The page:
SALISBURY, MD---When the estimated 6,000 cyclists hit the roads for Salisbury University’s annual Sea Gull Century October 7, some will be biking for fun. Others enjoy the exercise. And many, like Kathy Lhotsky and Debbie Conran, bike for charity.
Lhotsky said she was inspired to participate because of Conran, her co-worker at Peninsula Regional Medical Center. Conran is a Hodgkin’s cancer survivor and the two first time riders wanted to bike to raise money for the Leukemia & Lymphoma Society.
“It’s actually been very empowering because this time last year I had just finished all of my treatments, so it’s a great way to give back,” Conran said.
The Sea Gull Century began in 1989, when 68 riders associated with the University’s bike club took to the roads as a friendly challenge. Since then it has become quite the charitable event, one that supports fund raising efforts for a number of organizations both on campus and in the community, said event coordinator Amy Waters.
The Leukemia & Lymphoma Society has more than 250 cyclists riding as part of the Team In Training program. They raise funds for cancer research by participating in endurance events, like the century, which takes riders on either a 100-mile or 100-kilometer course through picturesque regions of Wicomico and Worcester counties.
To prepare, Lhotsky and Conran have trained since May, usually biking 80 miles with 20 teammates on Saturdays. Lhotsky said they’ve also been riding about 25 miles two days a week before work. “This is all new for me,” said Lhotsky, who was not athletic before. “It takes a lot of dedication. I’ve met a lot of great people.”
Besides practicing, learning techniques and safety, the participants have also been fundraising, as they must raise a minimum amount that covers event expenses. “It’s just a lot of asking, be it family and friends or walking up to people on the boardwalk,” Conran said. Participants also use letter writing campaigns or solicit Web donations.
Joan Wharton is also riding on behalf of Team In Training and serving as a mentor. “We take a few of the newer riders under our wing and show them a few skills,” she said. “People are coming out to ride who have no connection to cancer and you can really see the good in people. It really touches my heart as a survivor.”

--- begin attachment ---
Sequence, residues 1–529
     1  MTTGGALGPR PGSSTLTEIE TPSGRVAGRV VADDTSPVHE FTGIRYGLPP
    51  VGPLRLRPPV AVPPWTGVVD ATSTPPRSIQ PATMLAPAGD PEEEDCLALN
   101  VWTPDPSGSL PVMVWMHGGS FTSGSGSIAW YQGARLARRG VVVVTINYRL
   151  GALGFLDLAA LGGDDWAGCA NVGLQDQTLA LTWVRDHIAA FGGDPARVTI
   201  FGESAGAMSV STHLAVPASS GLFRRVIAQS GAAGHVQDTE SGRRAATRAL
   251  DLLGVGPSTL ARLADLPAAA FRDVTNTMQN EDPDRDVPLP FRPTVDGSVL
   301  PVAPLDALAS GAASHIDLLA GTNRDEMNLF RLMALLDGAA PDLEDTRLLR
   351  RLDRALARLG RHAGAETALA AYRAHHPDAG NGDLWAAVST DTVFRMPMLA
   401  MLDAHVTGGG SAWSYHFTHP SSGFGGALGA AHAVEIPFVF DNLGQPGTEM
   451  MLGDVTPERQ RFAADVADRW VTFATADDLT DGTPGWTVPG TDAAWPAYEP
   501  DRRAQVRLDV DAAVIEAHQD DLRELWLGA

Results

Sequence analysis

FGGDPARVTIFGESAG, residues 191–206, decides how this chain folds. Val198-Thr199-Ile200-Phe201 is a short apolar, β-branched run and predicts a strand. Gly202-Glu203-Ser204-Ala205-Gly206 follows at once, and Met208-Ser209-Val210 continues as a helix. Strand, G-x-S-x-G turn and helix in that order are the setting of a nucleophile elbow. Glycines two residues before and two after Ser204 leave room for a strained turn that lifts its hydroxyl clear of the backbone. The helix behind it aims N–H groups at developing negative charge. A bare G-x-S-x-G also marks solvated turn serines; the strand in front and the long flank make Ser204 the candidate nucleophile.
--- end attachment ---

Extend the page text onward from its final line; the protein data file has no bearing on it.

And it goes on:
The Sea Gull Century used to be a Team In Training event for primarily Maryland riders, but three years ago expanded to include teams nationwide, said Brandon Wilmoth, national manager. This year, Maryland riders are joined by chapters from nine states including Iowa, Minnesota, Texas, Nebraska and California. “These events are keys to our fundraising success,” Wilmoth said. “Events like Sea Gull Century allow us to bring our participants, who raise great amounts of money training.” Last year, participants raised about $750,000 before the event and this year’s total will be similar, Wilmoth said.
Sea Gull Century also has a long standing relationship with Habitat for Humanity Wicomico County, said Barry King, the organization’s executive director. “It has provided financial support for which we are just eternally grateful because it helps us build more homes for deserving low income families here in Wicomico County,” King said. “The financial support from Sea Gull Century participants plays a central role to us being able to achieve our mission.”
Upon registration, riders may donate to Habitat for Humanity – which they generously did last year. Contributions totaled $6,742. Riders can also make a tax-deductible donation to the Salisbury University Scholarship Fund or support the League of American Bicyclists.
After event expenses, remaining funds are divided among a number of civic groups, Waters said. Last year, $3,800 in proceeds was donated to groups including Relay For Life, Wicomico County Parks and Recreation and local fire departments.
For more information call 410-548-2772 or visit www.seagullcentury.org.